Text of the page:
Given all the effort lawmakers in Texas and other red states are pouring into making abortion illegal, you’d never know that the procedure, legal in this country for nearly 50 years, is becoming increasingly rare.
In Texas, two recently passed bills exemplify the extreme efforts. After 14 years of trying, the Legislature finally passed a so-called trigger law, which outlaws abortion immediately if the U.S. Supreme Court ever reverses itself and rules that the Constitution doesn’t guarantee women the right to abortion after all. Interestingly, a similar bill failed in 2007 after a fiscal note was added asserting that outlawing abortion could cost the state and federal governments $1 billion for all the new Medicaid births that would result over five years. Texas apparently got new accountants since then. This year’s fiscal note declares: “No significant fiscal implication to the State is anticipated.”
The other bill would keep abortion technically legal, but is aimed at preventing abortions after a fetal heartbeat can be detected, usually at around six weeks — before many women know they’re pregnant.
Courts have blocked similar “heartbeat” bills in other states, but supporters hope Texas’ version might avoid a similar fate due to a novel twist: the law empowers anyone to bring a suit against a provider or anyone else who enables someone to get an abortion, a threat the law’s supporters hope will act as a deterrent. Although the law seems to ignore a basic concept of jurisprudence — that a person can’t sue unless he or she has suffered some direct harm — it poses a formidable obstacle even if judges dismiss every lawsuit. The mere threat of litigation creates a chilling effect and the law itself may be hard for women’s rights groups to overturn because it’s not clear who they’d sue since the state of Texas isn’t actually carrying out the law.
The other encouraging development for abortion opponents lies outside Texas: They’re hoping that the Supreme Court’s decision to consider a case over Mississippi’s restrictive abortion law indicates a willingness of the court’s new conservative super-majority to upset the constitutional underpinnings of Roe v. Wade. The landmark 1973 case has been tweaked through the years but never substantially changed. Mississippi’s law, already declared flatly unconstitutional in federal court, would bar almost all abortions after 15 weeks.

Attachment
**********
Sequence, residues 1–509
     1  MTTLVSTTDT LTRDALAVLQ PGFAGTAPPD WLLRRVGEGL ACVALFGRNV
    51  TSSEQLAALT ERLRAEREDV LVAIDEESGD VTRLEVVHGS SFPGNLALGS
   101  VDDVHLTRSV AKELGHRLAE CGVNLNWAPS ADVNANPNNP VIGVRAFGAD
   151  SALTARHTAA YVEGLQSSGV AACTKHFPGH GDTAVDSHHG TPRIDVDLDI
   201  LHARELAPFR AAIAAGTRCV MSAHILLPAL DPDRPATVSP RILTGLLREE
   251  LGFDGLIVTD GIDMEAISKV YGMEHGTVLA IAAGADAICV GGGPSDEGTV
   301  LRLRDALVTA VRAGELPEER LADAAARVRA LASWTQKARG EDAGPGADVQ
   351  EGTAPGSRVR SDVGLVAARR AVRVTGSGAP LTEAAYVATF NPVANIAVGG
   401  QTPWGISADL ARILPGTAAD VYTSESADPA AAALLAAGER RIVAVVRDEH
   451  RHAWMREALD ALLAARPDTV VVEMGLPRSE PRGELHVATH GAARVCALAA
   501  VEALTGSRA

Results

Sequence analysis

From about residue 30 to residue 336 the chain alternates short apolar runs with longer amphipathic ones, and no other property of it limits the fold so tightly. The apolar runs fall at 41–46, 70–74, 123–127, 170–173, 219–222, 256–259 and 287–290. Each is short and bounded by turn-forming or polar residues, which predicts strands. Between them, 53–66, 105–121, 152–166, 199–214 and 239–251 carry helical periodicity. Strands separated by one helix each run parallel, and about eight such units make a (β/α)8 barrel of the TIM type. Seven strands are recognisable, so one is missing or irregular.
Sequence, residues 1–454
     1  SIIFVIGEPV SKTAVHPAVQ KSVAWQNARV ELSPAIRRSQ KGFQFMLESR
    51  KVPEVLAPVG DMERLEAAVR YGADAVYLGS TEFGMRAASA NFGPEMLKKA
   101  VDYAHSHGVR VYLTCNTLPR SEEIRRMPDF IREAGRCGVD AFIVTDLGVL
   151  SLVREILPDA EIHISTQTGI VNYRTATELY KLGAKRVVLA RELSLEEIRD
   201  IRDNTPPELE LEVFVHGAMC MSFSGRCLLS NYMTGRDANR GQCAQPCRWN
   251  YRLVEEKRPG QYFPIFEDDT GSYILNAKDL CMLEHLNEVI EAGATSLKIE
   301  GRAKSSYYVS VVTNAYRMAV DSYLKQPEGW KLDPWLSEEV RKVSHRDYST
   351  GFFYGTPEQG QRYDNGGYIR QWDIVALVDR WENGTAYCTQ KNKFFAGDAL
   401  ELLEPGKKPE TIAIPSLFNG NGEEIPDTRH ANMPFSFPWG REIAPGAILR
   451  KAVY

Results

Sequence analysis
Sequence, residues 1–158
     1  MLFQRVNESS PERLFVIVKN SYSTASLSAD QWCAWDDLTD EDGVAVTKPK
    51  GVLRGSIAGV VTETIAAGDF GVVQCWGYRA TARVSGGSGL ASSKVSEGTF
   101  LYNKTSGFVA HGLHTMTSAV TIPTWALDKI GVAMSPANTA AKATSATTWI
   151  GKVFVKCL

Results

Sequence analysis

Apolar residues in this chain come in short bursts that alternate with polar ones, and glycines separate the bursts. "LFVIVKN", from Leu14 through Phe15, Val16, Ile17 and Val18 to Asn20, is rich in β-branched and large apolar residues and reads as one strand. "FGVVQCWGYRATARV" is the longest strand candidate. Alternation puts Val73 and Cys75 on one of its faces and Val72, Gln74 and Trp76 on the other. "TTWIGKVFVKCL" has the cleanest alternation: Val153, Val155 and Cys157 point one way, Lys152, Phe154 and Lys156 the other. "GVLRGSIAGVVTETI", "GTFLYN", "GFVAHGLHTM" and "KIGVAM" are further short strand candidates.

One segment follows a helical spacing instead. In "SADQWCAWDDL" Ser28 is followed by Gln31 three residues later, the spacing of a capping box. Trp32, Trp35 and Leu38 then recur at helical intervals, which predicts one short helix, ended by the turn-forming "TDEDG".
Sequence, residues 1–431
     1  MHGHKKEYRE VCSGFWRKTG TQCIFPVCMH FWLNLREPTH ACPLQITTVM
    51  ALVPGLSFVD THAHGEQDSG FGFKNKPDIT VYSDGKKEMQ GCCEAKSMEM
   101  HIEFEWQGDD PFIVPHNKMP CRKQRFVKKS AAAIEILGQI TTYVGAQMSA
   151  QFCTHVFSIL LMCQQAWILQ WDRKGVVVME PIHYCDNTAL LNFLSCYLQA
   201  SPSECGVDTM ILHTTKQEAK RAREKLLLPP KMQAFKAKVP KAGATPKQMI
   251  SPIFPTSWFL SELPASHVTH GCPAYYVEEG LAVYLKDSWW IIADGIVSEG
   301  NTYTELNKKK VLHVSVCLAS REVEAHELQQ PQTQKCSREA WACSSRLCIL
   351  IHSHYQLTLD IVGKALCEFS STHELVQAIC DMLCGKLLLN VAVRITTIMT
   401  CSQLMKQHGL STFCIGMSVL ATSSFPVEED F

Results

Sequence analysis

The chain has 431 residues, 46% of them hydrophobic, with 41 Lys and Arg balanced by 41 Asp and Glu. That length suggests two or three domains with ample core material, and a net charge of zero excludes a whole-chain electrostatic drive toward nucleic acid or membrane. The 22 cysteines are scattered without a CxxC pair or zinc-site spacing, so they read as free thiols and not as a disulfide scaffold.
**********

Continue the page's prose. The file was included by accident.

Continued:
Again, these assaults on abortion rights come even as fewer and fewer abortions are performed each year. In 2018, for instance, there were 55,000 abortions recorded in Texas, compared with a high of 110,000 in 1981. Nationwide, the share of all pregnancies that end in abortion fell from about 21 percent in 2011 to about 18 percent in 2017, and have continued to fall.
There are competing theories as to why. Some argue that increased restrictions on abortion providers in places such as Texas, where the number of clinics has fallen significantly, have helped drive that number down, but others note that pregnancies themselves have dropped nearly as much as abortions, and that basic attitudes about abortion have remained remarkably steady across the years.
We’d add a further fact: Texas abortions have plummeted, despite the state’s willful refusal to adopt a truly pro-life policy, one that would help low-income women avoid unintended pregnancies in the first place with consistent access to health care, and one that would support the born children so they aren’t routinely kicked off Medicaid or forced to face abuse and neglect in foster care.
Texas continues to tolerate the highest rate of uninsured children and adults in America. Lawmakers also seem to accept that more teenage girls become pregnant in Texas than any other state by far.
Those two dismal statistics should prompt outrage and compassion, respectively, but instead conservative leaders in Texas have sought time and again to erect new limits on the fundamental rights of women to make decisions about their bodies and childbearing, while leaving the babies who are born to endure a porous and unforgiving safety net.
Anti-abortion efforts in Texas and elsewhere have been largely blunted by federal courts, which have ruled repeatedly at all levels — in red states and blue — that women retain the legal right to decide for themselves, particularly up to the point of viability, whether to carry an embryo to term.
In 2016, the court struck down two restrictions Texas lawmakers had passed under the pretext of concern for mothers’ health. Balancing lawmakers’ stated aims against the burdens those changes would impose, the court again sided with women’s right to choose.
That should have put Texas and other red states on notice about the futility of unreasonable restrictions on abortion. But the opposite has happened. Of the five justices who ruled against Texas in 2016, two have been replaced by arch-conservatives and a third has been added to replace Antonin Scalia, who had died before the court issued its opinion.
The changing personnel has fueled a frenzy of cases seeking to overturn Roe outright or eviscerate it.
It’s impossible to know how the new court will rule in the Mississippi case. But one thing is sure: it will resolve nothing.